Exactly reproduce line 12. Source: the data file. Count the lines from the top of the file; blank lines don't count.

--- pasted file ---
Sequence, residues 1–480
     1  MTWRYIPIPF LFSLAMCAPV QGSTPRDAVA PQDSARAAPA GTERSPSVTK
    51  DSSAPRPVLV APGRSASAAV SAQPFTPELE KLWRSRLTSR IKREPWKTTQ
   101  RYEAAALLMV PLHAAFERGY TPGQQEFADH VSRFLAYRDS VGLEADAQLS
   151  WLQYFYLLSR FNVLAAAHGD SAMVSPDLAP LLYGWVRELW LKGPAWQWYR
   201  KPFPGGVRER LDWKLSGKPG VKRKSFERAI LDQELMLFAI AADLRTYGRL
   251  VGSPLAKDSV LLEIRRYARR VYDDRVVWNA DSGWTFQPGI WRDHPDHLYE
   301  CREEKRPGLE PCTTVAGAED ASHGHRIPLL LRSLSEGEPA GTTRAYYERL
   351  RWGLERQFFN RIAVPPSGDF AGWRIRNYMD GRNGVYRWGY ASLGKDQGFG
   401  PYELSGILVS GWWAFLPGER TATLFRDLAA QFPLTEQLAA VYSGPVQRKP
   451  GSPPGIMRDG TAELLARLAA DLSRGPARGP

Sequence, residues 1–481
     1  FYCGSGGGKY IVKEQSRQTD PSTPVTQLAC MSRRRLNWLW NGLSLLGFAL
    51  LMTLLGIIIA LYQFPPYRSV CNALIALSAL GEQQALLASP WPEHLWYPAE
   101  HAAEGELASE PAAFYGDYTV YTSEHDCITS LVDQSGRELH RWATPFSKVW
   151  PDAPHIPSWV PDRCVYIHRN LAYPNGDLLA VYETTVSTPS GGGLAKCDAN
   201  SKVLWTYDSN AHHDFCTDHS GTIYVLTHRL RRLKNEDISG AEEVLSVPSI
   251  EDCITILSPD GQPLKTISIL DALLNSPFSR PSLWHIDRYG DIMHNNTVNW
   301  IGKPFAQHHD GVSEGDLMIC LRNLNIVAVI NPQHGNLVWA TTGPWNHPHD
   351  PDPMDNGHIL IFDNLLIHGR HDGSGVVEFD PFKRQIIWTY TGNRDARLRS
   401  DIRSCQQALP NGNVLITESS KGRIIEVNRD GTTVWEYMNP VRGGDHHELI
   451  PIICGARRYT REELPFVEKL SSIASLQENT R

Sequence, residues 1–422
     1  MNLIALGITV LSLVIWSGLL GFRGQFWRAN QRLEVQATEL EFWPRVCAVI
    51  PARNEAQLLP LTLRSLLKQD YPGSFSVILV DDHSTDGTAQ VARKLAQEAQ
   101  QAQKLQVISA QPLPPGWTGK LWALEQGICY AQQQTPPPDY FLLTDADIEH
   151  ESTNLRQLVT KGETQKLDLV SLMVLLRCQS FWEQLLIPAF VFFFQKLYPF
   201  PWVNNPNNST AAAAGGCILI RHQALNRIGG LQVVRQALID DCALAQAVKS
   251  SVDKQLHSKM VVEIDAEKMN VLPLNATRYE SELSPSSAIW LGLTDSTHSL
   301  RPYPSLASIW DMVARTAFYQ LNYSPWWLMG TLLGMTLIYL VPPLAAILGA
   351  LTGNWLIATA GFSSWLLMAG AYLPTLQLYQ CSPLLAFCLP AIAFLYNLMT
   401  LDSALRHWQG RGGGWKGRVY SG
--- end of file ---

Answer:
Sequence, residues 1–481